Urban Myths. The Beatles, Paul Is Dead.
“Paul is Dead” is an urban legend and conspiracy theory alleging that Beatles member, Paul McCartney died in 1966 and was secretly replaced by a look-alike.
On Wednesday, November 9th, 1966, after working at Apple studios through the night, Paul McCartney was killed driving his Aston-Martin through town at five o’clock in the morning. He was staring at a meter maid named Rita and didn’t realize that he was coming up to a red light. Paul died of massive head trauma suffered in the crash. The Beatles later held a Paul look-alike contest to replace him. The winner was named William Campbell, a dead ringer for Paul, except for a scar on his upper lip.
The conspiracy theories surrounding Paul McCartney’s death, started October 12th, 1969 when a caller to Detroit radio station, WKNR-FM told disc jockey Russ Gibb about the rumor. Gibb obtained a list of clues from a satirical review of Abbey Road by University of Michigan student Fred LaBour under the headline “McCartney Dead; New Evidence Brought to Light”. In the spirit of “shock-jockdom” and self-promotion, Gibb went on to reveal the connections on air. These conspiratorial revelations lead to a moment of mass hysteria from Beatles fans across the globe and sealed the deal for this myth.
Many conspirators believe the first clues of “Paul’s Death” can be found in 1966 on “The Beatles ‘Yesterday’…and Today,” album. This album had two covers, the first being the infamous “butcher cover.” In it, the group has lab coats on, and they are holding dismembered dolls. There is a set of teeth on Paul’s right arm, perhaps signifying his teeth were knocked out in the car crash, thereby rendering dental records useless for identifying the body. George is holding a doll’s head next to Paul’s head indicating that Paul was decapitated in the accident. The revised cover had Paul in a box with the other three surrounding it. Turn the album on its side, and the box looked like a coffin. Capitol Records initially ordered plant managers to destroy the covers, and the Jacksonville plant delivered most of its copies to a landfill. However, faced with so many jackets already printed, Capitol decided instead to paste the revised cover over the old ones.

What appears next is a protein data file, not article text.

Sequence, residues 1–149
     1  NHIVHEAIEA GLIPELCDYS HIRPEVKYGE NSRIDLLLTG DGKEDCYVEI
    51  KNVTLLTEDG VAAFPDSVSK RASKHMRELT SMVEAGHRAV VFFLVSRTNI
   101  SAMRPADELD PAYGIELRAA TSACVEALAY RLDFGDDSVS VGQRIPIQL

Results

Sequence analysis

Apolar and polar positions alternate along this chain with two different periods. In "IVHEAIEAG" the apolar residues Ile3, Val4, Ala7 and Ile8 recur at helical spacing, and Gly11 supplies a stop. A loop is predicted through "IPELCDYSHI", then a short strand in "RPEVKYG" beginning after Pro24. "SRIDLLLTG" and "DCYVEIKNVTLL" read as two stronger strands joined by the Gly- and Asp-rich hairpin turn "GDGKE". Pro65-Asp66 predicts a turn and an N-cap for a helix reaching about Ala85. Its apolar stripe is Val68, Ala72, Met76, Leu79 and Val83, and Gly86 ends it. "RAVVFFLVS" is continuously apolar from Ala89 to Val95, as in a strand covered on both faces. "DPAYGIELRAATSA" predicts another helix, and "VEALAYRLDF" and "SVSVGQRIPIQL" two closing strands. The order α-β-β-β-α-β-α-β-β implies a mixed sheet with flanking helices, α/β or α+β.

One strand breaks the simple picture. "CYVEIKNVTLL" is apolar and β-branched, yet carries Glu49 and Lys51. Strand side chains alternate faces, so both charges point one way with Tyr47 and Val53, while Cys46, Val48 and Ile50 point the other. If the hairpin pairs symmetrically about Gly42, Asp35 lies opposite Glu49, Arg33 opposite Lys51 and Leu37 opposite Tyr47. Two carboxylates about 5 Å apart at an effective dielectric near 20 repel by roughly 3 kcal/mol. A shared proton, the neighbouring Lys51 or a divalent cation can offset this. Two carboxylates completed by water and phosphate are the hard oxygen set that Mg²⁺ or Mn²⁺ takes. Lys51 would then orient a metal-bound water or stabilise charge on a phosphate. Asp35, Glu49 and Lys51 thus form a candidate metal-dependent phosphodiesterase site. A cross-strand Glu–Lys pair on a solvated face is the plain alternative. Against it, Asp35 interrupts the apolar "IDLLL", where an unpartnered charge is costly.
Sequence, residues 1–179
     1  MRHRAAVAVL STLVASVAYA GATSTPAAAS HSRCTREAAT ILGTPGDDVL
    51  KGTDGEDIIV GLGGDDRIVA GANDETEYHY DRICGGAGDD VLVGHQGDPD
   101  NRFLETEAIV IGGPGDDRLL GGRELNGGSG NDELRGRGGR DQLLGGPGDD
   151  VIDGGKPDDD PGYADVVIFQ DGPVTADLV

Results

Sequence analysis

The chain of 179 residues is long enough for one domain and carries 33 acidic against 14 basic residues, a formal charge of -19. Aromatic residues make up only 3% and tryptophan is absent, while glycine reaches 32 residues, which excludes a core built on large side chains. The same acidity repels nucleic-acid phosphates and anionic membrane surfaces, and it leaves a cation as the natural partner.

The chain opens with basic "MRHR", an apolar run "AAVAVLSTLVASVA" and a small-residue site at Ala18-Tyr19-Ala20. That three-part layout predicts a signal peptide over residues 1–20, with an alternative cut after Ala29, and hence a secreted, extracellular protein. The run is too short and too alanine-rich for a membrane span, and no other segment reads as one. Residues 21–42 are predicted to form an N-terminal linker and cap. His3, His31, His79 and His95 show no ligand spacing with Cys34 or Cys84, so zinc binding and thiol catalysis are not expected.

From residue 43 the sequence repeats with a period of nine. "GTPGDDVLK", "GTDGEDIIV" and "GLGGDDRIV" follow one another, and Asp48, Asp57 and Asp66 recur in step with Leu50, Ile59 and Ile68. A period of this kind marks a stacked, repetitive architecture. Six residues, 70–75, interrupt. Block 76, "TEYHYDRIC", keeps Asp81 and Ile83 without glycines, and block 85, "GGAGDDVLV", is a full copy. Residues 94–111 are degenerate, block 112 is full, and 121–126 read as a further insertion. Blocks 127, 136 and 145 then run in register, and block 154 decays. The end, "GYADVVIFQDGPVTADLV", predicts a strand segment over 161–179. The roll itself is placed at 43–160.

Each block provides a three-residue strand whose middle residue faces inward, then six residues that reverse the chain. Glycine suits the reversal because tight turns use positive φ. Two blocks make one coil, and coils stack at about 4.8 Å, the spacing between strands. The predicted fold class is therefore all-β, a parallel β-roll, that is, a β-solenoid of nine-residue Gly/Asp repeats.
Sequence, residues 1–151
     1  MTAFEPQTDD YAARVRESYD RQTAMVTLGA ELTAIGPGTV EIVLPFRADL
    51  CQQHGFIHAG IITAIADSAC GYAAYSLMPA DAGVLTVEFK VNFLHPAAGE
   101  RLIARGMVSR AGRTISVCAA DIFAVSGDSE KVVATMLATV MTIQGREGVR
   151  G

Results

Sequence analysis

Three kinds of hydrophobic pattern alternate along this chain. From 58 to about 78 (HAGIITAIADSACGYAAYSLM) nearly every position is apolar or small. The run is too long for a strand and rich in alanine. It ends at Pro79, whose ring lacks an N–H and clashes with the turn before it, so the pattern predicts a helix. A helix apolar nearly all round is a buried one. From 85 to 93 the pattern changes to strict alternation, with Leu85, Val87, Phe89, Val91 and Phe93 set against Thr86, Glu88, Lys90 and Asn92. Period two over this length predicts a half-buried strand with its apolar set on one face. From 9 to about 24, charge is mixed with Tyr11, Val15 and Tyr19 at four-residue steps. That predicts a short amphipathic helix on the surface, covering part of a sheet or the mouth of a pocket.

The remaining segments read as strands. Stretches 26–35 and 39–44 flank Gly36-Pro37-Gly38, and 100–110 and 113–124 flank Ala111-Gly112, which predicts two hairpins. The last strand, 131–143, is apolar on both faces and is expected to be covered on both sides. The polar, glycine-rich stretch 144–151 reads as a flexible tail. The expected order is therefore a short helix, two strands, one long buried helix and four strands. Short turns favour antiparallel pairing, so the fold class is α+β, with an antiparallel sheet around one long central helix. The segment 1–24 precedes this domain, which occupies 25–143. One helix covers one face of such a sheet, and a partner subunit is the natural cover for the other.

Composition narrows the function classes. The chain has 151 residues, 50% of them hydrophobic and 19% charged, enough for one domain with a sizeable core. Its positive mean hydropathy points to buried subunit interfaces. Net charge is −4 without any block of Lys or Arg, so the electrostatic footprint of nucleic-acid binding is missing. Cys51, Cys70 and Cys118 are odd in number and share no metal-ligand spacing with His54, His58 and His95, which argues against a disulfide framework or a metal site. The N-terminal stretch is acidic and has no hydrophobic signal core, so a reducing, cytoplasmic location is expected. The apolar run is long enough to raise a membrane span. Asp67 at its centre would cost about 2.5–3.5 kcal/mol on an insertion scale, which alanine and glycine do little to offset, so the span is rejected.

The album had a couple of songs with lyrics that pointed to death.
“I believe in yesterday…suddenly, I’m not half the man I used to be, there’s a shadow hanging over me.”.
A reference to a burial is in the song “And Your Bird Can Sing: “you can’t see me…you can’t hear me.”
“I am the Walrus”; Paul is dressed in white signifying the Walrus. In Nordic-Viking culture, the Walrus is a symbol for death.
Sgt. Pepper’s Lonely Hearts Club Band is the album most closely related to Paul’s Death and is riddled with “Paul Is Dead” connections. Several songs have references to a tragic accident and the lyrics seem to reveal information about the urban legend.
Paul’s idea for the Beatles was to immerse themselves in another identity for the 1967 release. The name “Sgt. Pepper’s Lonely Hearts Club Band” was a play on verbose hippie era band names, such as “Dr. West’s Medicine Show and Junk Band.” The cover photo shows the Beatles assuming this new identity and laying the Fab Four to rest. Conspiracy theorists looking for clues of Paul’s death interpreted the cover of Sgt. Pepper as representing Paul’s burial and the end of the Beatles. The wax images of the younger Beatles look mournfully on the gravesite because the Beatles were no longer the same band.
On the back cover of the Sgt. Pepper’s album, three members are facing forward, and Paul’s back is facing the camera. George Harrison is pointing at the first line of the song “She’s Leaving Home.”
The title song introduces Billy Shears, who tells the audience, “Lend me your ears, and I’ll sing you a song/And I’ll try not to sing out of key.” The connection: Paul’s replacement, William Campbell (Billy Shears) was still working on perfecting his singing voice.
“A Day in the Life” plays a significant role in the conspiracy. John Lennon writes, “He blew his mind out in a car” which many believe is referring to Paul. Also, when played backward, a section of the song says, “Paul is a dead man, miss him miss him miss him.”
“Good Morning, Good Morning” opens with the line “Nothing to do to save his life call his wife in.” One story of Paul’s fatal accident was that he had picked up a woman named Rita and when she realized who the driver was, she threw herself on him, causing the accident. As told in the song “Lovely Rita,” “I took her home/I nearly made it.”